Burlington Coat Factory

in Coat
History

The original Burlington Coat Factory store in Burlington, New Jersey with previous logo.

The company was founded in 1924 as "Burlington Coat Factory Warehouse Corporation", a wholesaler of ladies coats and outerwear. The modern company was formed in 1972 when Monroe Milstein purchased a warehouse in Burlington, New Jersey, and started selling coats and outerwear. The company started gradually adding apparel, including suits, shoes, and accessories, and presently has even branched out to include baby items and linens, all clothing at considerable discount to some of its competition. MJM Designer Shoes and Cohoes Fashions are separate stores in the Burlington Coat Factory family. In 2007, the company announced that three of the seven Cohoes stores will close, and two of the remaining Cohoes stores will be converted to Burlington Coat Factory. The fate of the other two Cohoes stores is unknown.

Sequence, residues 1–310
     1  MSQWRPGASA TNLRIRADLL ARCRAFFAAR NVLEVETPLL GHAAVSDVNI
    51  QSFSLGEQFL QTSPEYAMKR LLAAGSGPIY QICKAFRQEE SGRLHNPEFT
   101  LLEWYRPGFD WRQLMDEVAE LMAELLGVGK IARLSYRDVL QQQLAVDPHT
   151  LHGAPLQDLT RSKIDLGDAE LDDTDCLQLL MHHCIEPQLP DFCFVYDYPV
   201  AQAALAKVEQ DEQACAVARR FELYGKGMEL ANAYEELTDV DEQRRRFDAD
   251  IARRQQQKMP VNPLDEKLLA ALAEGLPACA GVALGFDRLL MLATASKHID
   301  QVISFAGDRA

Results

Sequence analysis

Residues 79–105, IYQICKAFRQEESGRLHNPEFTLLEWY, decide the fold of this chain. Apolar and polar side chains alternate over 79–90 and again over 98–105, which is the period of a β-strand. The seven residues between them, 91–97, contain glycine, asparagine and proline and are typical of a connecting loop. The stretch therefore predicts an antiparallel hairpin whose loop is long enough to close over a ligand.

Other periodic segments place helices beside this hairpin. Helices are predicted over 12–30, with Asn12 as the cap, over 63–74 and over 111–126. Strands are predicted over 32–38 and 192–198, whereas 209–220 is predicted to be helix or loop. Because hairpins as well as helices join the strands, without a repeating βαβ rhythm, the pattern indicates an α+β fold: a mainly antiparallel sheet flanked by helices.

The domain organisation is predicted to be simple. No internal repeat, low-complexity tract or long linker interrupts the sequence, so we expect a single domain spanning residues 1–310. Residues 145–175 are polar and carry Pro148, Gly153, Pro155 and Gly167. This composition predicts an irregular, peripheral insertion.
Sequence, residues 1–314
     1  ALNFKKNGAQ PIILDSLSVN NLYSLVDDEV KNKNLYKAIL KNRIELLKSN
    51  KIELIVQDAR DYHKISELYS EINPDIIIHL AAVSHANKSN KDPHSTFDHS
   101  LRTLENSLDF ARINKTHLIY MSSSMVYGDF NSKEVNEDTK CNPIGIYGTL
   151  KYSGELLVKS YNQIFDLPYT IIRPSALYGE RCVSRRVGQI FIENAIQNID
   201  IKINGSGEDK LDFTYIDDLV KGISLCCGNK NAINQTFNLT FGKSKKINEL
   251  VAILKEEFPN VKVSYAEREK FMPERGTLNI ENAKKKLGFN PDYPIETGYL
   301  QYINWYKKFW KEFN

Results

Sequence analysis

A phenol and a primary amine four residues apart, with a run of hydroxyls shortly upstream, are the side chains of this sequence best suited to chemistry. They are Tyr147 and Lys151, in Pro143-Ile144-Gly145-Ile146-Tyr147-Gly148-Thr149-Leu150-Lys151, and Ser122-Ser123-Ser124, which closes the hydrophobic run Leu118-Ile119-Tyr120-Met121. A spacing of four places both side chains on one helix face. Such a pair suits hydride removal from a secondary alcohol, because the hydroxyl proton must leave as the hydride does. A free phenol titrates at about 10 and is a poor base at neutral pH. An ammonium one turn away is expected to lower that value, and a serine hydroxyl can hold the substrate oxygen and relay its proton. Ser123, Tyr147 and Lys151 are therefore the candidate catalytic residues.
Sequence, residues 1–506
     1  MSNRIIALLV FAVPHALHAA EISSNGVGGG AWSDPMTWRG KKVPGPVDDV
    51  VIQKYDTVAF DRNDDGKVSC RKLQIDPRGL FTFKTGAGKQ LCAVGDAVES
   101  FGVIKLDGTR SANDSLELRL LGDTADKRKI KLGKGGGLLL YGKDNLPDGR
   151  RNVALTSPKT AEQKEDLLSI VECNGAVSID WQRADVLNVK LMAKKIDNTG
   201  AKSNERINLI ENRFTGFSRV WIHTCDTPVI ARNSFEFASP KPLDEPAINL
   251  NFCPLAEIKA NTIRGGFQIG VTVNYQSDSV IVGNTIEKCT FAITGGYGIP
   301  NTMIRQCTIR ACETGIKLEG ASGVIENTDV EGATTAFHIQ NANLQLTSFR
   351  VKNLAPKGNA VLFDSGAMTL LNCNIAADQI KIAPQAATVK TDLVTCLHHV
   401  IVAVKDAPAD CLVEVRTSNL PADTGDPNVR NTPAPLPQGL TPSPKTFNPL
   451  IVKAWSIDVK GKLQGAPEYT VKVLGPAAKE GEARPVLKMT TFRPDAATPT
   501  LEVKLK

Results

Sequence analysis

Burlington Coat Factory store in Hoboken, New Jersey with '70s-'80s logo.

Business issues

Under investigation from animal welfare organization Humane Society of the United States, Burlington Coat Factory has been accused of labeling real fur products as "faux fur". The company agreed to pull the false advertisements after an undercover investigation revealed "faux fur" as actually made from the pelts of animals killed in China. Burlington Coat Factory's coats have also been found to contain dog pelts.

Burlington Coat Factory's logo is often supplemented with the tag "Not Affiliated with Burlington Industries." When Burlington Coat Factory settled a trademark dispute with fabric maker Burlington Industries in 1981, Burlington Coat Factory agreed to say in advertisings it does to this dayhat the two companies are not affiliated, even though Burlington Industries ceased operations in 2004.

By late 2009, the "not affiliated" disclaimer had disappeared from TV commercials.

Market

Competitors to Burlington Coat Factory include T.J. Maxx, Ross Stores, and Filene's Basement. A key difference between Burlington Coat Factory and other off price stores is that Burlington Coat Factory features more of a traditional department store layout than its competitors.